10 Rhetorical Questions To Create New Ideas For Learning

10 Rhetorical Questions To Create New Ideas For Learning

by Terry Heick

Lately I’ve found myself squinting a bit at some of the practices and structures in teaching and learning.

This squinting is less about efficiency or performance, but rather what effect each piece has—a kind of causal analysis. This is the cause, and it might have this effect.

In trying to imagine what would be different if we did this instead of that, I was surprised at how education has settled on a small handful of models in light of so much possibility. Was it because we’ve found the magic formula, and in 2017 we’re in an era of simple refinement? That we know “what works,” and now it’s all a matter of tweaks?

That if teachers just listened and did what they were told and used #edtech and stuck to the script and if parents just read to kids and if poverty wasn’t an issue and if classrooms were more inviting and we just used the data that is staring us in the face that it’d all somehow coalesce?

So, this list. Other ideas for learning. I’m not saying any of these ideas are good—or even the least bit viable. I’m not saying they wouldn’t be downright destructive, curiosity-snuffing intellectual abominations that’d take education back to the dark ages. I’m just wondering what would happen.

10 Rhetorical Questions To Create New Ideas For Learning

What if students only learned through networks?

Peer-to-peer, school-to-school, local, global, digital, physical—whatever.

Maybe students were simply grouped strategically by any number of characteristics—interests, geographic location, creativity, or simply at random? That a school day was a matter of turning on a mobile device and seeing what others were doing like some giant, informal think tank?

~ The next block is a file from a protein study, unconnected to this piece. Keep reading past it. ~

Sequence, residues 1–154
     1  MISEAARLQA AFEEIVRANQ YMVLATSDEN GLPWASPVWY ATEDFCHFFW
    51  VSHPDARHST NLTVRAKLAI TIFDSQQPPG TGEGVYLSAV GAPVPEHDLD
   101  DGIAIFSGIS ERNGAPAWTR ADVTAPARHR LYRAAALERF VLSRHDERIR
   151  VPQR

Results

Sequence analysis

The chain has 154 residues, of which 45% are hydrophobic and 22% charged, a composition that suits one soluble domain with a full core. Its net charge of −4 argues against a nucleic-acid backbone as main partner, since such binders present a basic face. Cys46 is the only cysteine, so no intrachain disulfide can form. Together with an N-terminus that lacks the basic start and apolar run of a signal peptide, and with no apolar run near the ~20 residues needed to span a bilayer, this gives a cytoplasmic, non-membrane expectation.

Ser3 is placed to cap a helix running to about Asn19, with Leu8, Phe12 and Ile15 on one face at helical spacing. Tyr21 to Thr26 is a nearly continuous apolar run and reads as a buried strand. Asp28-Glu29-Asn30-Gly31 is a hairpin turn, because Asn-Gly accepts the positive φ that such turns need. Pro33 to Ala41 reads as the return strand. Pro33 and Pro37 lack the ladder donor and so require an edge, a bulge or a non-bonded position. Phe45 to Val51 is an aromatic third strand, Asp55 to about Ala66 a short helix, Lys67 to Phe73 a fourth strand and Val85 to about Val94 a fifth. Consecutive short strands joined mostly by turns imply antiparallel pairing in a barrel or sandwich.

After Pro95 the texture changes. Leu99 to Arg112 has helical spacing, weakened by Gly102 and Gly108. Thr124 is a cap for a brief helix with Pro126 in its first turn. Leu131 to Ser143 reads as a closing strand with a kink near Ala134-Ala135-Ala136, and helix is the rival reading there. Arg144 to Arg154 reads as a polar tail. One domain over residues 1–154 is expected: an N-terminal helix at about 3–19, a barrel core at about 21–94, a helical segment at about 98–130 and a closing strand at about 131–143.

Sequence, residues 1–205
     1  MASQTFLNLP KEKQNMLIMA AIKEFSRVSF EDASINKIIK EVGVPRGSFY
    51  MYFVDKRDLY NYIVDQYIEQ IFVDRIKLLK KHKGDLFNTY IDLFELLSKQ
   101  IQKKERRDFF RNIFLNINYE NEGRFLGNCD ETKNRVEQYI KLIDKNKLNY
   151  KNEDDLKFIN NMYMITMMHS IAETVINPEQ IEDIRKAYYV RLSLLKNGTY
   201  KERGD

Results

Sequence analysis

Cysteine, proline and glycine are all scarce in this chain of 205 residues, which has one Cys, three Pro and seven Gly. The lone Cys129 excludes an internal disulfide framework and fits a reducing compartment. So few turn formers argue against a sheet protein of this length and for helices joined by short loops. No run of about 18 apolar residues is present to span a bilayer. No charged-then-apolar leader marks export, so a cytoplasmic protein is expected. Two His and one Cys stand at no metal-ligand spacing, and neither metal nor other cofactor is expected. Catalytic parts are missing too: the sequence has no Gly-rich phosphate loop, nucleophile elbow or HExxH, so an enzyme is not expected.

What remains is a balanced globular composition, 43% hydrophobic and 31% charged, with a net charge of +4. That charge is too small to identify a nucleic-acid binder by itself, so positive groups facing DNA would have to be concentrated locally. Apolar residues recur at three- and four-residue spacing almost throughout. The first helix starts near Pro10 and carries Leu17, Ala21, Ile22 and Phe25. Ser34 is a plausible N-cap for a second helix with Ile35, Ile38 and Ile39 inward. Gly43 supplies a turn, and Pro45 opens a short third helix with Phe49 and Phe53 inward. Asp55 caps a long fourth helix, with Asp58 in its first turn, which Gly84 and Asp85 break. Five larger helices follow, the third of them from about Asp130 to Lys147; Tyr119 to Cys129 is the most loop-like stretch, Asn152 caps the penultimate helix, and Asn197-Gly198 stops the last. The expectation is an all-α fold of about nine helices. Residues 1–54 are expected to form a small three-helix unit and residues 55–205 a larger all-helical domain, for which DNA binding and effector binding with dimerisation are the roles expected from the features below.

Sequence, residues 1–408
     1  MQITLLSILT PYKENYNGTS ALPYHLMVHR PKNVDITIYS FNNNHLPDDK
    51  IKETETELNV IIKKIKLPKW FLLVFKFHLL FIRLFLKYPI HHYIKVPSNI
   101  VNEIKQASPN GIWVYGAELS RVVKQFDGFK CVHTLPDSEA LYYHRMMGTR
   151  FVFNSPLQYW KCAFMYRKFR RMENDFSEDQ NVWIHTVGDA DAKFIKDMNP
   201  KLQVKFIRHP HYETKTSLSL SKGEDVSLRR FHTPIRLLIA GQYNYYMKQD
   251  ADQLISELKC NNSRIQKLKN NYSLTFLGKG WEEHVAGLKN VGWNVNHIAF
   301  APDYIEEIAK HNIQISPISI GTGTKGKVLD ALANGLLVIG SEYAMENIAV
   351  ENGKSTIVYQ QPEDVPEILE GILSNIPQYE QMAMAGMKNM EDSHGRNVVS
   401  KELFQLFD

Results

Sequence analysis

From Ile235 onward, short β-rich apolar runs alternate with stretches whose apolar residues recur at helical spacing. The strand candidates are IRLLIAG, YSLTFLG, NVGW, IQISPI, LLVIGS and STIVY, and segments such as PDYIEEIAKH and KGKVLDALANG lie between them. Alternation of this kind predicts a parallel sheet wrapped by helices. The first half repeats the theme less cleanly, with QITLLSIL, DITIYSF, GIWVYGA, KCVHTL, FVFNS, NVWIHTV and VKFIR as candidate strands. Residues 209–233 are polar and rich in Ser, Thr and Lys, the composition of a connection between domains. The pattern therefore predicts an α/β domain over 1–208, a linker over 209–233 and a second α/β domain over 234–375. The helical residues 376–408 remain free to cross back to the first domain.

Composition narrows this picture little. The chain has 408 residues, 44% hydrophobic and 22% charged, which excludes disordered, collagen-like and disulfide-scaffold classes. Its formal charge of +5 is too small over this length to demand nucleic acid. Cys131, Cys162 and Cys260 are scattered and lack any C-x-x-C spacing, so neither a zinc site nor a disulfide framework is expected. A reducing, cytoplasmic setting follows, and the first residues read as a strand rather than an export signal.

Or maybe students could even choose their own reasons for grouping, and the only condition was that all communication, process, and product was socialized and published. No curriculum, no testing, no adult pushing or pulling.

And let’s say this happened for all students after 5th grade—middle school forward. What would happen? Would these networks fail the introverted students? Would they devolve into a digital form of Lord of the Flies? Would these networks give immediate non-adult-centered credibility to everything because teachers were no longer out in front?

What if students learned in a basic “read & respond” pattern?

And that was it. Or they read, then tweeted, recorded vlogs for their YouTube channel, blogged—simply created *something* as a result of their reading. Teachers became Google-powered librarians helping students find stuff to read, or stuff to do as a result of their reading.